MK 2021 has got some fighting spirit, but franchise purists might have trouble accepting the new champion.
Warner Brothers drops another marquee movie this spring, in theaters and on HBO Max. It’s been 24 years since a Mortal Kombat movie has been made, with the silly and visually dreadful Annihilation accomplishing what was written on the tin: annihilating the franchise. Luckily, since then the video game series has rehabilitated itself and now the movie franchise looks to do the same.
While Mortal Kombat 2021 has a lot of stuff that radically changes the structure of the MK story you’re used to, it also does a lot of things that are interesting. It’s not the Mortal Kombat story I would have written, but it’s an entertaining movie once you get over the changes.
Mortal Kombat (2021)
MMA fighter Cole Young (Lewis Tan) seeks out Earth’s greatest champions in order to stand against the hostile forces of Outworld in a high stakes battle for the universe.
Strong Up Front, Squishy in the Middle.
Mortal Kombat serves up the good stuff right away. The opening sequence showing the tragic culmination of the rivalry between the Shinrai Ryu clan (Scorpion) and the Lin Kuei ninjas (Sub Zero) is everything you want: Joe Taslim’s Sub Zero is an intimidating baddy, and Hiroyuki Sanada‘s Scorpion is the strongest character in the movie; there’s real emotional stakes in the fight; each stage of the fight is gorgeously choreographed and bloody gruesome. MK at its best.
From there, our introduction to Jax and Sonya is good, but could have used more focus. Sonya in particular feels a bit like the script didn’t quite what to do with the compelling performance Jessica McNamee puts out. It’s in meeting our “main” character, Cole Young, that things start to come apart.
Lump of Cole.
I like Lewis Tan. He’s been in tons of productions I enjoyed: Wu Assassins, Deadpool 2, Into the Badlands. All great stuff, and he’s definitely proved his fighting chops. It’s not him that holds Cole Young back, it’s the script.
Cole is the most exasperating of movie character tropes – the nice guy dropped into a bad situation way over his head. It’s meant to work as an audience surrogate, but it fails cause he’s just written so bland. In a movie about ripping out hearts and punching out spines, being the nice guy is a liability. He’s also the “reluctant hero” who only gets his powers at the last second…even though the movie telegraphs the inciting incident so blatantly that it is zero surprise when it happens. In a movie about bloody combat, filled with big characters with rich back-stories, a generic newbie is not what I was looking for.
Nice Death Squad.
So, what about what you really came for: is MK 2021 a good representation of Mortal Kombat?
Yes and no.
First, I like the character selection. Most of the heroes you’d want to see are here (or teased for future sequels!) and they’re mostly well done. I think Liu Kang needed to be a bit more competent and Sonya needed to be acknowledged as the linchpin of the team earlier, but their actors put in work. The bad guys are a real treat as you get baddies that are deep dives from the video game franchise. Bold move to bring in so many named characters instead of using cannon fodder. That being said, I think a few too many of them do wind up just being cannon fodder.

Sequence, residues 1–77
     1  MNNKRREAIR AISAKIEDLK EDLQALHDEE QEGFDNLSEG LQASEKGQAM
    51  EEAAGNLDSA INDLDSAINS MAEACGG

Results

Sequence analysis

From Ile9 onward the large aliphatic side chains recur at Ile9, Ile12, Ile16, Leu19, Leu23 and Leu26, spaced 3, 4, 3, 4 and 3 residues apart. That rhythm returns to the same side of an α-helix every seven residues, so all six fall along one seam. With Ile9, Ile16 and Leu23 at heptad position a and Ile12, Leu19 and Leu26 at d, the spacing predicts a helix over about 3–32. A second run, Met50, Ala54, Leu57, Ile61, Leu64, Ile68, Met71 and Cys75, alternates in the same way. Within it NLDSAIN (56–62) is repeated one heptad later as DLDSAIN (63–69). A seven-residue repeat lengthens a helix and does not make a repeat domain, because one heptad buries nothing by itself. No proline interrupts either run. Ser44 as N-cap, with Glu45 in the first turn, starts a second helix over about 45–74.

As for iconic kills, Mortal Kombat 2021 mostly nails it. There were a few fan favorites that were visually fun but felt a tad corny. Then there were a few unexpected fatalities that were completely badass. On the whole, the film embraced MK’s bloodlust without feeling like a grindhouse slasher.
Reset the Tournament Bracket?
The part that feels off about being a MK movie is that…we don’t really get a tournament? There are fights aplenty, but you never get the iconic martial arts tournament on Shang Tsung’s mysterious island that made the 1995 MK (and original game) feel like an homage to Bruce Lee and Enter the Dragon.
This MK is more like The Hunger Games, where fights break out all over the place, most of them ambushes or desperate melees. I liked how it worked for the first two acts, but I kinda expected it to eventually settle down into a real tournament now that the good guys have all met the bad guys and developed rivalries.
Mortal Kombat 2021 had a lot of hurdles to overcome. It had to service a franchise with decades of lore, characters, and plot lines in a way that was accessible to first time viewers. It also had to distinguish itself (and arguably redeem) earlier movie versions of that franchise. And lastly, it had to tell a story worth sitting down for, regardless of your affection/knowledge of MK’s history.
Taking it in reverse order: I think MK 2021 works just fine as its own movie. Yeah, I wanted to see some characters do more and some do less, but it’s a solid story with great visuals. As a martial arts movie, the fights are visceral and cool-looking, both with the practical choreography and CG spectacle.
As a comparison to the other movies and MK in general, I think it’s right in the middle. It’s way better than the second movie, MK: Annihilation, and is less bonkers than many of the pre-reboot game stories. I actually like MK 1995 as a movie a tad more, just because it really nailed the feel of the first video game, which MK 2021 is way different from. The post-reboot video game story has been remarkably coherent, so it’s a bit better as well…but it has a 20 hour campaign in order to tell its story and develop its characters.
Overall, the film is engaging and sports some cool moments. Some choices may not please franchise purists, but in a franchise with hundreds of characters, you’d be hard pressed to get everyone’s favorite right. I enjoyed it and think it did enough to establish a new story-line that actually has me interested in the movie series going forward.